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How do you create a marketing hashtag that doesn’t #fail?

Hashtags make the rounds across all kinds of social media. And because of their popularity, many brands want to use them in their own marketing campaigns to help spread their message. While this is often a great strategy, it is also prone to failure. So before you create a marketing hashtag, make sure you know what you’re getting yourself in for.

Understand the rules behind #hashtags.

Punctuation will break a hashtag. So will spaces. You can use numbers, but there have to be letters in there somewhere. (So #1 will not work.) And while you can include capital letters, hashtag sorting algorithms don’t recognize them. This means that #TheRealDeal and #therealdeal will yield the same search results.

Make sure it doesn’t mean something else.

In the absence of spaces and punctuation, words in hashtags are prone to being crammed together in unfamiliar ways. It’s all too common to create a hashtag with one meaning in mind, only to realize after the fact that it means something completely the opposite.

For instance, perhaps you’ve written an ebook about black hat SEO practices. You set out to promote it on social and you chose a hashtag you intend to be read as #BlackHatEbook. Unfortunately, your hashtag is now prone to be read as #BlackHateBook. Oops.

Similarly, when former British Prime Minister Margaret Thatcher died, it started the hashtag #NowThatcherIsDead. Unfortunately, many read #NowThatCherIsDead, leading to a rumor that the singer had died.

Don’t pick something which can be hijacked.

Hashtag hijacking happens when a hashtag is taken over for something other than its intended purpose. For instance, when McDonalds started the campaign #McDStories, they meant to encourage customers to share positive experiences with their brand. Unfortunately, many Twitter users took this as a chance to share negative brand stories, and once the trend started, McDonalds couldn’t undo it.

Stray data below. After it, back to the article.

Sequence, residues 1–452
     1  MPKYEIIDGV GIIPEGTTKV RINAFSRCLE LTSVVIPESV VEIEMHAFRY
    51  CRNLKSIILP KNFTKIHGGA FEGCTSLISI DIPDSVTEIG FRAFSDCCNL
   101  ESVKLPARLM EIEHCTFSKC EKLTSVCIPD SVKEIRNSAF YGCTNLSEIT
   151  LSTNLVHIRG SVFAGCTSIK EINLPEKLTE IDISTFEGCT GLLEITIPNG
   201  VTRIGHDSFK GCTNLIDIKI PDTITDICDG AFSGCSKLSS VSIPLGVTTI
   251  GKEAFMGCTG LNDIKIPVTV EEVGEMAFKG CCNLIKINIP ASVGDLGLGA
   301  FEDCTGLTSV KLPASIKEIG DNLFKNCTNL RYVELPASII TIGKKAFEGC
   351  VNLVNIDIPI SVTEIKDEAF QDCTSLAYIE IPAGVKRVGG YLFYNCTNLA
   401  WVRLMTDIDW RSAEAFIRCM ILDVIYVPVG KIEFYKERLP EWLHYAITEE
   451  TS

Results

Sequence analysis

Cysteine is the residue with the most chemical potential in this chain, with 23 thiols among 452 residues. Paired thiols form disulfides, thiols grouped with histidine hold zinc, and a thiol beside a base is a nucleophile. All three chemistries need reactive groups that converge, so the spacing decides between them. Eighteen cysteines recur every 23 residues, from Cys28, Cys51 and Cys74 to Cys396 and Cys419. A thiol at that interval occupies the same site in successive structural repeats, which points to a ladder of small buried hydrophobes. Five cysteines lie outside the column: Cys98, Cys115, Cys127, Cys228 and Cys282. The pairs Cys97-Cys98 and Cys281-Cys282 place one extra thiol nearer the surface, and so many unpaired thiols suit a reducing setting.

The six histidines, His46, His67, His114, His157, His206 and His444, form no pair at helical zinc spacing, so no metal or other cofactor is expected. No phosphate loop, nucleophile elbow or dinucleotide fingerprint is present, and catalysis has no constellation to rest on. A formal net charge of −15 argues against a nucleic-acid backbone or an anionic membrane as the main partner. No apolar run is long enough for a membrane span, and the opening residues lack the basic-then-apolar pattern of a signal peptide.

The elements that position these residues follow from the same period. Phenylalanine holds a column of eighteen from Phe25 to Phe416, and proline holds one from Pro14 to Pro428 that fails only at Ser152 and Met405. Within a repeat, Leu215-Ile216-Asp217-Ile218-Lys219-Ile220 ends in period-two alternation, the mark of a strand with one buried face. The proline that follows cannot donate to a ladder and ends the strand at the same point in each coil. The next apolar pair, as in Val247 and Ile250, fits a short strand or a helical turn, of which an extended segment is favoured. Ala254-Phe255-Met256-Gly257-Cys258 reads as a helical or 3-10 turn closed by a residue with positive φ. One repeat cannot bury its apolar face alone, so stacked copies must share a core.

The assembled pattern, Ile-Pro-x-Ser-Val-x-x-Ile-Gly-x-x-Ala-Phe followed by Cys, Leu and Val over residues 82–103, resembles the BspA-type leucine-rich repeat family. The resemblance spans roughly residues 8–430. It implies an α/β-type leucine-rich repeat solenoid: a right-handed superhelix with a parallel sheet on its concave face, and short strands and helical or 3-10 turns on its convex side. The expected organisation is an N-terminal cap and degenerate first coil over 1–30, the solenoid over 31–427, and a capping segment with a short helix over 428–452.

Similarly, beware of asking followers social media to submit public questions. There’s a place for AMA sessions, and that place is Reddit—not Twitter. Folk on the Internet love to tease, so if you start a hashtag soliciting questions from your audience, you are likely to be flooded by more prank questions than honest inquiries.

This is also a pretty bad strategy if your company is in the midst of a large corporate scandal. We wouldn’t feel the need to mention this, except that this was the cause of one of the most infamous hashtag campaign fails of all time: JP Morgan’s #AskJPM debacle.

Test your hashtag before use.

The takeaway here is: put your chosen hashtag under a lot of scrutiny. Once you create a marketing hashtag, proofread it and run it through a series of tests:

  • Show it to many people.
  • Read it aloud.
  • Read it with and without capitalization.
  • Pay close attention to how the words in your hashtag smoosh together.
  • Look up the hashtag beforehand to see if it’s already being used.

While all the horror stories can seem intimidating, a little bit of preparedness can save you from almost all of these blunders. If you use them well, hashtags can be a fun, witty, and effective way to connect with your audience and bring followers together on social media. Employ a bit of common sense when you start your campaign, and you’ll go far.

Published 11/10/16 by Laura Lynch